Contractionary devaluation with black markets for foreign exchange
AbstractAnalyses of the possible contractionary effects of exchange rate devaluation typically assume the foreign exchange market to be unified, thereby ignoring the large fraction of transactions taking place in the black market for foreign exchange that exist in many developing countries. This paper explores how the existence of these black markets may alter the impact of an official devaluation on aggregate output. It is argued that devaluations will be followed by less immediate contraction in a blackmarket economy than in a unified-market economy, both because the black market exchange rate will depreciate by less than the official rate, and because many of the devaluation's contractionary effects will occur in anticipation of the official devaluation itself. These propositions are tested using a simple numerical simulation model.
Download InfoIf you experience problems downloading a file, check if you have the proper application to view it first. In case of further problems read the IDEAS help page. Note that these files are not on the IDEAS site. Please be patient as the files may be large.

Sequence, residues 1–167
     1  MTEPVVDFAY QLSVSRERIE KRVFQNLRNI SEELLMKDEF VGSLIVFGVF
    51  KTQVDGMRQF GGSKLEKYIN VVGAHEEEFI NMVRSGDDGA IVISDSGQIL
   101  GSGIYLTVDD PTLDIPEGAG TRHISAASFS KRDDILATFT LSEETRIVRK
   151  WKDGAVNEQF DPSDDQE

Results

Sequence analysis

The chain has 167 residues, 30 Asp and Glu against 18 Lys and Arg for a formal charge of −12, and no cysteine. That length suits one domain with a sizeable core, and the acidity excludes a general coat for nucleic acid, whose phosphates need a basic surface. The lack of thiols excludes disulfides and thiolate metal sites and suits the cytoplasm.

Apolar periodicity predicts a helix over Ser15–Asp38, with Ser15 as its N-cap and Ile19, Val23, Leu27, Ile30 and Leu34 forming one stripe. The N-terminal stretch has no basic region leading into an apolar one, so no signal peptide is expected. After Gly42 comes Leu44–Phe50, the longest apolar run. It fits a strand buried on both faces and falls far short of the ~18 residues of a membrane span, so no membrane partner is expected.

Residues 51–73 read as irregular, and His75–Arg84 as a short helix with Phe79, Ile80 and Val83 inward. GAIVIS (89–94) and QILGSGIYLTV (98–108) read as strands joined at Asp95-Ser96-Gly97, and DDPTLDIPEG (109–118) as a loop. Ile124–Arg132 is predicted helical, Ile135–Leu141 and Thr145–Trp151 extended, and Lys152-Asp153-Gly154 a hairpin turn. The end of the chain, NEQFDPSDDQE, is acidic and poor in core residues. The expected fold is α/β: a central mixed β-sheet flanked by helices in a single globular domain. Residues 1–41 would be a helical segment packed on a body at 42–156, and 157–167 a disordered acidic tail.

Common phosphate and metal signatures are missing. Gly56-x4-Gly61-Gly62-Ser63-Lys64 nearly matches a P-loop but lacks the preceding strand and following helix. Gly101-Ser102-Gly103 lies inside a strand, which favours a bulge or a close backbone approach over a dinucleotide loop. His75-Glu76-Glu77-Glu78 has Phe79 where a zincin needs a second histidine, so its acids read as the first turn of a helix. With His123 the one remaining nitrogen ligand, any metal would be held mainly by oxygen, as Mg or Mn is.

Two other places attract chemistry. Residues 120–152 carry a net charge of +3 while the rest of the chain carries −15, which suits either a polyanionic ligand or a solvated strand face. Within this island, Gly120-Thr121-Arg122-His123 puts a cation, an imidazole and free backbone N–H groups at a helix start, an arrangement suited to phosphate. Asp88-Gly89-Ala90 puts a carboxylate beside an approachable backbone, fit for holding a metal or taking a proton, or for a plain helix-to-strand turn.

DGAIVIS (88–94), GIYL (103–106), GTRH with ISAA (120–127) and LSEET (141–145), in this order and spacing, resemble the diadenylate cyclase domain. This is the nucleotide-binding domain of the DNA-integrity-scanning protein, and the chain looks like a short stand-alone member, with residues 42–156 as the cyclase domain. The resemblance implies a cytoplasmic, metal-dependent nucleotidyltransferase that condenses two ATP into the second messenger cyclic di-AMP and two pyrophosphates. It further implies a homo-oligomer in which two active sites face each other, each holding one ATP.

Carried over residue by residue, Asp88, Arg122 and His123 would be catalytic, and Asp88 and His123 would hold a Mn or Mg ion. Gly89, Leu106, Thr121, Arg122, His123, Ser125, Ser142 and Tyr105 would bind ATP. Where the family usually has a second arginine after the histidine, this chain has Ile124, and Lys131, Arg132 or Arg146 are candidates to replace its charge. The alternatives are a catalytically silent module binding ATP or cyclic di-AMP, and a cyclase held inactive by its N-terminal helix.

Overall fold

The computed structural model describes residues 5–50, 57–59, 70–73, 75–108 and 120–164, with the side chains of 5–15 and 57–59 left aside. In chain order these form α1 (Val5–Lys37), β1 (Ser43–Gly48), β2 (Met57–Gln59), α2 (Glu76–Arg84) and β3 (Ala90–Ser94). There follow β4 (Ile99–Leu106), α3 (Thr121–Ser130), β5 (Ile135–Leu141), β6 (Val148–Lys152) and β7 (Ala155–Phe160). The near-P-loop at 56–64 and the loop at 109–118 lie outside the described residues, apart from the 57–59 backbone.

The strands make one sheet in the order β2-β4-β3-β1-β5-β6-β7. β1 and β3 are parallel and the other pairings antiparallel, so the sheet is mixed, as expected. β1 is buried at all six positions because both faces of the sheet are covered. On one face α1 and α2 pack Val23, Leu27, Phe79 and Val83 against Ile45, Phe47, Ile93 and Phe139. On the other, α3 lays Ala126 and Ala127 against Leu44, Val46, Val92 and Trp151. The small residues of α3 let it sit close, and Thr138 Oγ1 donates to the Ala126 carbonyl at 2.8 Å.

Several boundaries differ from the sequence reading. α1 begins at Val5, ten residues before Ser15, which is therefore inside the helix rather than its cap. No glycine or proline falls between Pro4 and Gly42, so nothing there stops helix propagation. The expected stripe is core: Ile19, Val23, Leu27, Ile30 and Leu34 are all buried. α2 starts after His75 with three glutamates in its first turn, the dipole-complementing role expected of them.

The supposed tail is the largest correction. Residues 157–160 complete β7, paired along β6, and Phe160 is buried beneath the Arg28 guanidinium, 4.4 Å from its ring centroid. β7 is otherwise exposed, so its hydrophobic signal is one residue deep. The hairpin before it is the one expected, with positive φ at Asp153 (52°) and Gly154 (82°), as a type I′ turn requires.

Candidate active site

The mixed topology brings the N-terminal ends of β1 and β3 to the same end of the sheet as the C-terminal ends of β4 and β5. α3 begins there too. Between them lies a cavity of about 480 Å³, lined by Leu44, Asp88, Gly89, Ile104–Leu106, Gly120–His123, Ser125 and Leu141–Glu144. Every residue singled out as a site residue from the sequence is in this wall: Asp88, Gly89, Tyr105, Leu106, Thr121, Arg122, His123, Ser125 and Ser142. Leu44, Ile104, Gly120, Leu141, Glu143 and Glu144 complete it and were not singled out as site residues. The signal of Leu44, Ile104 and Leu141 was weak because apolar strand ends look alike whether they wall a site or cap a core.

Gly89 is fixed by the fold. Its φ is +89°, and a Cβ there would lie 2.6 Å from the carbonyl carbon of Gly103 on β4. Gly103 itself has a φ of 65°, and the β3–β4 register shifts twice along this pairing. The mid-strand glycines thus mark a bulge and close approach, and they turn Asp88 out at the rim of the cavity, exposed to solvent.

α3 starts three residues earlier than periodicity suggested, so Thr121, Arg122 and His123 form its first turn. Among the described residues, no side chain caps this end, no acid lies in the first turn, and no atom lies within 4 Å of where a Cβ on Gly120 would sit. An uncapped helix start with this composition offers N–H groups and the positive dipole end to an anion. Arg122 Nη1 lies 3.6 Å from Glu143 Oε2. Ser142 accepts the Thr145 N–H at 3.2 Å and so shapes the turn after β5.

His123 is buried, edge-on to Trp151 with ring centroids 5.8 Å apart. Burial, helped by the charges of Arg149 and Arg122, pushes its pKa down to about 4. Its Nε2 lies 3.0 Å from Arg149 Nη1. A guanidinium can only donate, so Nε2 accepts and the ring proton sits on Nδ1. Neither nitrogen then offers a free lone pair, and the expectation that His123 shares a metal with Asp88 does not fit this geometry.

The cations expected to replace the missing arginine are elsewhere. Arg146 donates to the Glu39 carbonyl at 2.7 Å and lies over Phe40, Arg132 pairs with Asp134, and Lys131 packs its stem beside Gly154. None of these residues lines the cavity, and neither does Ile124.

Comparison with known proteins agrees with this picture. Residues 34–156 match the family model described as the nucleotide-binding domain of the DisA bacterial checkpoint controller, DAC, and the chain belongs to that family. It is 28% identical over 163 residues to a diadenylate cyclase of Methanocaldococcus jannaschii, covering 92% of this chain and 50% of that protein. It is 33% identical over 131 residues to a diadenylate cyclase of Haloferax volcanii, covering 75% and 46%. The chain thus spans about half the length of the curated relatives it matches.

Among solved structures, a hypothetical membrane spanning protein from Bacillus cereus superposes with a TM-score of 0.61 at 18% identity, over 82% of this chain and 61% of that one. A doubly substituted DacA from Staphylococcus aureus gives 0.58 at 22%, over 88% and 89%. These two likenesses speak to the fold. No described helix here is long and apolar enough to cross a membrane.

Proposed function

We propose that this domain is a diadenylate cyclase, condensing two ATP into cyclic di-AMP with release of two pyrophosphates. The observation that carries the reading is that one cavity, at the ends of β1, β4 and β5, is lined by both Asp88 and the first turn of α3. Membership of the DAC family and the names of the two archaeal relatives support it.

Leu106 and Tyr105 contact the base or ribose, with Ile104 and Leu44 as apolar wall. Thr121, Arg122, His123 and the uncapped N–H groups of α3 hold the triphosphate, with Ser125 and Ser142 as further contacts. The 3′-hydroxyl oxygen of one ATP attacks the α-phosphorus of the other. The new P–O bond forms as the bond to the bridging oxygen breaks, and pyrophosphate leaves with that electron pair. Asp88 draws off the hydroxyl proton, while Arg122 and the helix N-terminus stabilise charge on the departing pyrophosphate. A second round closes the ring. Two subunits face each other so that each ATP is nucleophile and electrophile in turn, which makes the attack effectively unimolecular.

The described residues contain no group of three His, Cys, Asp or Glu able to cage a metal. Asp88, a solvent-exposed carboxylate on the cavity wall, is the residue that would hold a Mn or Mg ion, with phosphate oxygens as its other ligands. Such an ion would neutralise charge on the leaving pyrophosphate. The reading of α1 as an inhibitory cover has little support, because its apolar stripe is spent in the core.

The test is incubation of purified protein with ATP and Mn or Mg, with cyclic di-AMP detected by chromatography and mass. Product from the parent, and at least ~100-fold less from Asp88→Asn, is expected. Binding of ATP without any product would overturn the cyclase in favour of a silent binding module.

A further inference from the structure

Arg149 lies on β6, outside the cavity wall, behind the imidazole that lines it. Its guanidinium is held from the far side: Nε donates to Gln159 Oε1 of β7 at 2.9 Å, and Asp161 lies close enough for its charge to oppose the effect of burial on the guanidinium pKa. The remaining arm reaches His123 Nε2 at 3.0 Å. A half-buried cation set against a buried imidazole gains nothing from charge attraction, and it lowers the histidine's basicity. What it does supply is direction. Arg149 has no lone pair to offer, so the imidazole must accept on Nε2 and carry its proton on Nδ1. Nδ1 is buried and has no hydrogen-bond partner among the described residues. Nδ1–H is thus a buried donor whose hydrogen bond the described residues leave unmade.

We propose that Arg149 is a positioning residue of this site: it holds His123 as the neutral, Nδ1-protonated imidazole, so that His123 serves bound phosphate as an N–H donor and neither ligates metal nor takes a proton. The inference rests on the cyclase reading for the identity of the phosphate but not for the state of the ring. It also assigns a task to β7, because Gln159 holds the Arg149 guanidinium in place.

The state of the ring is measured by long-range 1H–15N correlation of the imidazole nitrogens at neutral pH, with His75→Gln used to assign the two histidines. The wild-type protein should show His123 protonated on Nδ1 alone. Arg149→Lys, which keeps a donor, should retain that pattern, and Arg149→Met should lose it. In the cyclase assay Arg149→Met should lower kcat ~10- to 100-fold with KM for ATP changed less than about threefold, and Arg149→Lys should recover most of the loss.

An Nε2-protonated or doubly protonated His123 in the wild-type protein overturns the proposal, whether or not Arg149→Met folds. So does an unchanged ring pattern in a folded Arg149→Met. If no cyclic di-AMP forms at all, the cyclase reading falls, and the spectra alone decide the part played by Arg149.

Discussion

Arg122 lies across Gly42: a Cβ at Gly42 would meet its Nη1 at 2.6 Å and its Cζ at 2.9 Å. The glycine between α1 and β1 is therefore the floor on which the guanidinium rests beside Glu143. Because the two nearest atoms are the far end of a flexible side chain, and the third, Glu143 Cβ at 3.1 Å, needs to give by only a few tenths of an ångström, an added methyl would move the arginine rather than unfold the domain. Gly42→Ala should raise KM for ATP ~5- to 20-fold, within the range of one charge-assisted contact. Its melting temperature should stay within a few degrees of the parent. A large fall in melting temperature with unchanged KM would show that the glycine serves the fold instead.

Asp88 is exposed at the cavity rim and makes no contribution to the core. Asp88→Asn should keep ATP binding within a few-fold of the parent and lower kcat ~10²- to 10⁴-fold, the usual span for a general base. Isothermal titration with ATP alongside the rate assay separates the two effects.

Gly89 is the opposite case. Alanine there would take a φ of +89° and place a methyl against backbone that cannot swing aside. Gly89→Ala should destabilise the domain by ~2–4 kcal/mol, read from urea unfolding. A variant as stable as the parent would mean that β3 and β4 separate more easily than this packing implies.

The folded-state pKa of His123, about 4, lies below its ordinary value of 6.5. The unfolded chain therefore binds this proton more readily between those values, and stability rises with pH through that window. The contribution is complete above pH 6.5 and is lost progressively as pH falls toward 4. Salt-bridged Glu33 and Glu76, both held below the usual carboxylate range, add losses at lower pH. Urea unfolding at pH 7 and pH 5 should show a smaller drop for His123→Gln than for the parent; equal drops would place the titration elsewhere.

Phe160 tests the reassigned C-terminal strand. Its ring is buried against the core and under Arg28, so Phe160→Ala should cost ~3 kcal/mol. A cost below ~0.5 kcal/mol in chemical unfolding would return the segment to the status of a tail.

Bibliographic InfoPaper provided by Board of Governors of the Federal Reserve System (U.S.) in its series International Finance Discussion Papers with number 370.
Date of creation: 1990
Date of revision:
Please report citation or reference errors to , or , if you are the registered author of the cited work, log in to your RePEc Author Service profile, click on "citations" and make appropriate adjustments.:
- Steven B. Kamin, 1988. "Devaluation, exchange controls, and black markets for foreign exchange in developing countries," International Finance Discussion Papers 334, Board of Governors of the Federal Reserve System (U.S.).
- P. Krugman & L. Taylor, 1976.
"Contractionary Effects of Devaluations,"
191, Massachusetts Institute of Technology (MIT), Department of Economics.
- Hanson, James A., 1983. "Contractionary devaluation, substitution in production and consumption, and the role of the labor market," Journal of International Economics, Elsevier, vol. 14(1-2), pages 179-189, February.
- Dornbusch, Rudiger, et al, 1983. "The Black Market for Dollars in Brazil," The Quarterly Journal of Economics, MIT Press, vol. 98(1), pages 25-40, February.
For technical questions regarding this item, or to correct its authors, title, abstract, bibliographic or download information, contact: (Kris Vajs).
If references are entirely missing, you can add them using this form.